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CIAO DATE: 12/2010

About the Contributors

Comparative Connections

A publication of:
Center for Strategic and International Studies

Volume: 10, Issue: 4 (January 2009)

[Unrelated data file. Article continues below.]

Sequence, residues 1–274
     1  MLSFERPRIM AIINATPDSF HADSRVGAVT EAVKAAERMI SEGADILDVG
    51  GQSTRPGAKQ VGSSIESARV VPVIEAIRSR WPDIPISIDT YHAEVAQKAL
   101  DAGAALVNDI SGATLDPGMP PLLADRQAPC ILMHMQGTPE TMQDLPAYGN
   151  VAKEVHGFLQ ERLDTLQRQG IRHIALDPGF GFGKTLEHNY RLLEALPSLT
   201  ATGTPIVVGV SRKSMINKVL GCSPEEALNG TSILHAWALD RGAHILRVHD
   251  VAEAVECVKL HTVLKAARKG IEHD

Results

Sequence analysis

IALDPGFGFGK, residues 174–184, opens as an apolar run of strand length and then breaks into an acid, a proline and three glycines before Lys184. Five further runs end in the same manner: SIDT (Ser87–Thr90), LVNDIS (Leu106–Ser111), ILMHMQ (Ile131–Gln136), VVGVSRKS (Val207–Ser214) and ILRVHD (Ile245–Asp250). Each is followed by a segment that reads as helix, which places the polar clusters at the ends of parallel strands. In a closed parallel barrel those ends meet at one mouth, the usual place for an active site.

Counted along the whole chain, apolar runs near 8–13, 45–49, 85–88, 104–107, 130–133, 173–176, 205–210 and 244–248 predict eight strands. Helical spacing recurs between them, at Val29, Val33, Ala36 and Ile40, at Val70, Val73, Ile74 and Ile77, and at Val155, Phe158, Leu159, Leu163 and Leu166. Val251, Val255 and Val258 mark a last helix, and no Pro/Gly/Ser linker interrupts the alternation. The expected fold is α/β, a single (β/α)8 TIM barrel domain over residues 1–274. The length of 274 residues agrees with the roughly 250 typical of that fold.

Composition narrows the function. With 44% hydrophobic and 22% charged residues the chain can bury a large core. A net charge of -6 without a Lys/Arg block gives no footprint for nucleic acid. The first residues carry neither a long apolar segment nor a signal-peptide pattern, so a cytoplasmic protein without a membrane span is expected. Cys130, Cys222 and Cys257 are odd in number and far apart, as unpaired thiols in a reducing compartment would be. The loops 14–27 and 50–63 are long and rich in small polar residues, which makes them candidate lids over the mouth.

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Carl Baker is the director of programs and co-editor of Comparative Connections at Pacific Forum, CSIS and an adjunct professor with the International Studies Department at Hawaii Pacific University. Previously he was on the faculty at the Asia-Pacific Center for Security Studies. He has extensive experience in the Republic of Korea, having served with the UN Military Armistice Commission and as a political and economic intelligence analyst. He also served seven years in a variety of military staff assignments in Japan, the Philippines and Guam. A graduate of the Air War College, he has an M.A. in public administration from the University of Oklahoma and a B.A. in anthropology from the University of Iowa. David G. Brown is associate director of the Asian Studies Department at The Johns Hopkins School of Advanced International Studies. His 30-year diplomatic career focused on Asia and included assignments in Tokyo, Beijing, Taipei, Hong Kong, and Saigon as well as tours in Vienna and Oslo. After leaving government, Mr. Brown served as senior associate at the Asia Pacific Policy Center, a nonprofit institution in Washington. Mr. Brown serves concurrently as the Chair of the East Asian Area Studies course at the State Department’s Foreign Service Institute. He has a degree in East Asian Studies from Princeton University. See-won Byun is a research associate with the Center for Korea Policy at The Asia Foundation. Previously, she assisted research for the CSIS Freeman Chair in China Studies and has also worked with the Brookings Institution’s Center for Northeast Asian Policy Studies. In Korea, she was a program officer for UN-university exchanges and editorial assistant at the Institute of East and West Studies while completing an M.A. in Chinese area studies at Yonsei University. She received an M.A. in international affairs from The George Washington University and a B.A. in economics from Brown University. Victor D. Cha is Director of Asian Studies and D.S. Song Chair in the Department of Government and School of Foreign Service, Georgetown University, Washington, D.C. and adjunct Senior Fellow at the Pacific Council for International Policy in Los Angeles. He served from 2004 to 2007 as director for Asian Affairs on the National Security Council and as deputy head of the U.S. delegation to the Six-Party Talks (2006-7). He is the award-winning author of Alignment Despite Antagonism: The United States-Korea-Japan Triangle, and Nuclear North Korea (Columbia, 2001) with David Kang. Dr. Cha is a two-time recipient of the Fulbright (Korea) and MacArthur Foundation Fellowships. He is formerly a John M. Olin National Security Fellow at Harvard University’s Center for International Affairs and postdoctoral fellow at CISAC and the Hoover Institution at Stanford University. Professor Cha is an independent consultant for the public and private sector. His new book is Beyond the Final Score: The Politics of Sport in Asia (Columbia, Summer 2008). Ralph A. Cossa is president of Pacific Forum CSIS in Honolulu. He sits on the steering committee of the multinational Council for Security Cooperation in the Asia Pacific and serves as executive director of the U.S. Committee of CSCAP. He is also a board member of the Council on U.S.-Korean Security Studies. Cossa is a political-military affairs and national security strategy specialist with over 25 years of experience in formulating, articulating, and About the Contributors 149 January 2009 implementing U.S. security policy in the Asia-Pacific and Near East-South Asia regions. He is a retired USAF colonel and a former National Security Affairs Fellow at the Hoover Institution. He holds a B.A. in International Relations from Syracuse University, an M.B.A. in Management from Pepperdine University, and an M.S. in Strategic Studies from the Defense Intelligence College. Joseph Ferguson is vice president at the National Council for Eurasian and East European Research. He was previously a visiting fellow at Princeton University. Before that he served as director of Northeast Asia Studies at the National Bureau of Asian Research. Previously, he was a fellow at the Johns Hopkins University Nitze School of Advanced International Studies (SAIS) in Washington, D.C. and a visiting Fulbright fellow at the Russian Academy of Sciences’ Institute of World Economy and International Relations. He received a Monbusho Fellowship from the Japanese government to research Japanese-Russian relations in Tokyo. From 1995-99, he worked as an analyst with the Strategic Assessment Center of Science Applications International Corporation (SAIC) in McLean, VA. He holds a Ph.D. in International Relations from SAIS, and a B.A. from Pomona College. Aidan Foster-Carter is an honorary senior research fellow in Sociology and Modern Korea at Leeds. He is also a freelance analyst and consultant: covering the politics and economics of both South and North Korea for, amongst others, the Economist Intelligence Unit, Oxford Analytica, and BBC World Service. Between 1991 and 1997 he lectured on sociology at the universities of Hull, Dar es Salaam (Tanzania), and Leeds. A prolific writer on and frequent visitor to the Korean Peninsula, he has lectured on Korean and kindred topics to varied audiences in 20 countries on every continent. He studied Classics at Eton, Philosophy, Politics, and Economics at Balliol College Oxford, and Sociology at Hull. Bonnie S. Glaser has served as a consultant on Asian affairs since 1982 for the Department of Defense, the Department of State, Sandia National Laboratories, and other agencies of the U.S. government. She is concurrently a senior associate with CSIS in Washington, D.C., and Pacific Forum CSIS in Honolulu. Ms. Glaser has written extensively on China’s foreign and security policy, U.S.-China relations and military ties, cross-Strait relations, and other topics related to Asian security. She has published extensively in leading scholarly journals, news weeklies, and newspapers. She is currently a board member of the U.S. Committee of the Council for Security Cooperation in the Asia Pacific and a member of the Council on Foreign Relations, and she served as a member of the Defense Department’s Defense Policy Board China Panel in 1997. Ms. Glaser received her B.A. in Political Science from Boston University and her M.A. from the Johns Hopkins School of Advanced International Studies. Brad Glosserman is executive director at Pacific Forum CSIS and co-editor of Comparative Connections. He is also the director of the Pacific Forum’s Young Leaders Program. Mr. Glosserman is the former director of research at Pacific Forum. He has authored dozens of monographs on topics related to U.S. foreign policy and Asian security. His opinion articles and commentary have appeared in media around the world. Prior to joining Pacific Forum, he was, for 10 years, a member of The Japan Times editorial board, and continues to serve as a contributing editor for the newspaper. Mr. Glosserman has a J.D. from George Washington About the Contributors 150 January 2009 University, an M.A. from Johns Hopkins University’s School of Advanced International Studies (SAIS) and a B.A. from Reed College. Michael J. Green is the Japan Chair and a senior adviser at CSIS, as well as an associate professor of international relations at Georgetown University. He served as special assistant to the president for national security affairs and senior director for Asian affairs at the National Security Council (2001-2005). From 1997-2000, he was senior fellow at the Council on Foreign Relations; he also served as senior adviser at the Department of Defense. He was a research staff member at the Institute for Defense Analyses (1995-1997) and an assistant professor at the Johns Hopkins School of Advanced International Studies (SAIS) (1994-1995). Dr. Green spent over five years working as a staff member of the Japanese Diet, as a journalist for Japanese and American newspapers, and as a consultant for U.S. business. Dr. Green received his Ph.D. (1994) and M.A. (1987) from SAIS. He graduated from Kenyon College. Chin-Hao Huang is a Research Associate with the Stockholm International Peace Research Institute (SIPRI). Previously, he was a research assistant with the Freeman Chair in China Studies at the Center for Strategic and International Studies (CSIS) where he worked on of the CSIS China-Africa project and co-authored several reports, monographs, and book chapters on China-Africa-U.S. relations. Prior to CSIS, he served as executive director for the Georgetown International Relations Association. Mr. Huang lived in Bangkok, Thailand for more than 15 years and can speak, read, and write English, Chinese, Thai, and French. He is a graduate of the Edmund A. Walsh School of Foreign Service, Georgetown University. David Kang is Professor of International Relations and Business, and director of the Korean Studies Institute, at the University of Southern California. Kang is author of China Rising: Peace, Power, and Order in East Asia (Columbia University Press, 2007); Crony Capitalism: Corruption and Development in South Korea and the Philippines (Cambridge University Press, 2002), and Nuclear North Korea: A Debate on Engagement Strategies (co-authored with Victor Cha) (Columbia University Press, 2003). He has published numerous scholarly articles in journals such as International Organization and International Security, as well as opinion pieces in leading newspapers around the world. Kang is also a regular consultant for both multinational corporations and U.S. government agencies. Professor Kang was previously Professor of Government and Adjunct Professor at the Tuck School of Business, Dartmouth College and has been a visiting professor at Stanford University, Yale University, Seoul National University, Korea University, and the University of Geneva. He received an A.B. with honors from Stanford University and his Ph.D. from Berkeley. Ji-Young Lee is a Ph.D. candidate in International Relations at Georgetown University’s Department of Government. Her research interests include East Asian Security, International Political Economy and International Relations theory. Prior to Georgetown, she worked as a Special Assistant at Seoul National University’s Korea Unification Forum while she was completing her M.A. in Political Science at Seoul National University (2002). She received an M.A. in Security Studies from Georgetown University (2004) and a B.A. in Political Science and Diplomacy at Ewha Women’s University, Seoul, Korea (2000). About the Contributors 151 January 2009 Satu Limaye is the Director, East-West Center in Washington. From October 2005 to February 2007, he was a Research Staff Member at the Institute for Defense Analyses (IDA) and from 1998-2005 Director of Research and Publications at the Asia-Pacific Center for Security Studies (APCSS), a direct reporting unit of U.S. Pacific Command. He has been a Research Fellow at the Japan Institute of International Affairs (JIIA). His research and publications focus on U.S.-Asia relations. He is a graduate of Georgetown University and received his doctorate from Oxford University (Magdalen College) where he was a George C. Marshall Scholar. James J. Przystup is senior fellow and research professor in the Institute of National Strategic Studies at the National Defense University. Previously, he was Director of the Asian Studies Center at The Heritage Foundation, a staff member on the U.S. House of Representatives’ Subcommittee on Asian and Pacific Affairs, and director for Regional Security Strategies on the Policy Planning Staff in the Office of the Secretary of Defense. He worked in the private sector at Itochu and IBM. Dr. Przystup graduated from the University of Detroit and holds an M.A. in International Relations and a Ph.D. in Diplomatic History from the University of Chicago. Sheldon W. Simon is professor of Political Science and faculty associate of the Center for Asian Research at Arizona State University. He is also senior advisor to The National Bureau of Asian Research (Seattle and Washington, D.C.) and a consultant to the Departments of State and Defense. He holds an M.A. in International Affairs from Princeton University and a Ph.D. from the University of Minnesota. The author or editor of ten books and over 130 scholarly articles and book chapters, his most recent books are two edited volumes, titled Religion and Conflict in South and Southeast Asia: Disrupting Violence (2007) and China, the United States, and Southeast Asia: Contending Perspectives on Politics, Security and Economics (2008). Scott Snyder is concurrently a Senior Associate in the International Relations program of The Asia Foundation and Pacific Forum CSIS. He was a Pantech Fellow at Stanford University’s Shorenstein Asia-Pacific Research Center during 2005-2006. He spent four years in Seoul as Korea Representative for The Asia Foundation during 2000-2004. Previously, he has served as a Program officer in the Research and Studies Program of the U.S. Institute of Peace, and as Acting Director of The Asia Society’s Contemporary Affairs Program. Past publications include Paved With Good Intentions: The NGO Experience in North Korea (2003), (co-editor with L. Gordon Flake) and Negotiating on the Edge: North Korean Negotiating Behavior (1999). Mr. Snyder received his B.A. from Rice University and an M.A. from the Regional Studies East Asia Program at Harvard University. Robert G. Sutter is a visiting professor in the School of Foreign Service at Georgetown University from August 2001. He specialized in Asian and Pacific affairs and U.S. foreign policy in a U.S. government career of 33 years, working with the Central Intelligence Agency, the State Department, the Senate Foreign Relations Committee, and the Library of Congress. Dr. Sutter served for two years as the National Intelligence Officer for East Asia and the Pacific at the National Intelligence Council. He received a Ph.D. in History and East Asian Languages from Harvard University. He has published 15 books, numerous articles, and several hundred government reports. His most recent books are China’s Rise in Asia: Promises and Perils (Rowman and Littlefield, 2005) and Historical Dictionary of United States Diplomacy with China (Scarecrow Press, 2006). About the Contributors 152 January 2009 About the Contributors 153 January 2009 Nicholas Szechenyi is Deputy Director and Fellow, Japan Chair at CSIS. Prior to joining CSIS, he was a news producer for Fuji Television in Washington, D.C. In 2000, he served as editor of an annual overview of U.S.-Japan relations published by the Edwin O. Reischauer Center at the Johns Hopkins University School of Advanced International Studies (SAIS). From 1994 to 1998, he was a program associate at the Japan Foundation Center for Global Partnership, where he administered more than 30 policy-oriented research projects on East Asian affairs. He received an M.A. in international economics and Japan studies from SAIS and a B.A. in Asian studies from Connecticut College. Yu Bin is professor of Political Science at Wittenberg University and concurrently a faculty associate of the Mershon Center of the Ohio State University. Previously, he was a fellow at the East-West Center in Honolulu and president of Chinese Scholars of Political Science and International Studies. He was a MacArthur fellow at the Center of International Security and Arms Control at Stanford University and a research fellow at the Center of International Studies of the State Council in Beijing. Dr. Yu earned a B.A. degree from the Beijing Institute of Foreign Studies, M.A. at the Chinese Academy of Social Sciences, and Ph.D. at Stanford University.